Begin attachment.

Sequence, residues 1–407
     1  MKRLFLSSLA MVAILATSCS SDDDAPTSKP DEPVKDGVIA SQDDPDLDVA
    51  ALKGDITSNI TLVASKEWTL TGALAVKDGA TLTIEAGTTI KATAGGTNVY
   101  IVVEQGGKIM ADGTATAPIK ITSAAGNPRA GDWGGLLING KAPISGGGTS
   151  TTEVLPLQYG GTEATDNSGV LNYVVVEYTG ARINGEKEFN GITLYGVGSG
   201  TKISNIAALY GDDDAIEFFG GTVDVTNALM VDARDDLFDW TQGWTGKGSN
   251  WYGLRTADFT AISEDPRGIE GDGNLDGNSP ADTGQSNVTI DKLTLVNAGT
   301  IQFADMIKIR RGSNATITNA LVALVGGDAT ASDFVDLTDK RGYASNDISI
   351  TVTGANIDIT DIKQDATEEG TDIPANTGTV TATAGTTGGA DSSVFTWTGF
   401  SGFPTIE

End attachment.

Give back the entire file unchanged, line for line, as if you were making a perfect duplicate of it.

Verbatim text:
Sequence, residues 1–407
     1  MKRLFLSSLA MVAILATSCS SDDDAPTSKP DEPVKDGVIA SQDDPDLDVA
    51  ALKGDITSNI TLVASKEWTL TGALAVKDGA TLTIEAGTTI KATAGGTNVY
   101  IVVEQGGKIM ADGTATAPIK ITSAAGNPRA GDWGGLLING KAPISGGGTS
   151  TTEVLPLQYG GTEATDNSGV LNYVVVEYTG ARINGEKEFN GITLYGVGSG
   201  TKISNIAALY GDDDAIEFFG GTVDVTNALM VDARDDLFDW TQGWTGKGSN
   251  WYGLRTADFT AISEDPRGIE GDGNLDGNSP ADTGQSNVTI DKLTLVNAGT
   301  IQFADMIKIR RGSNATITNA LVALVGGDAT ASDFVDLTDK RGYASNDISI
   351  TVTGANIDIT DIKQDATEEG TDIPANTGTV TATAGTTGGA DSSVFTWTGF
   401  SGFPTIE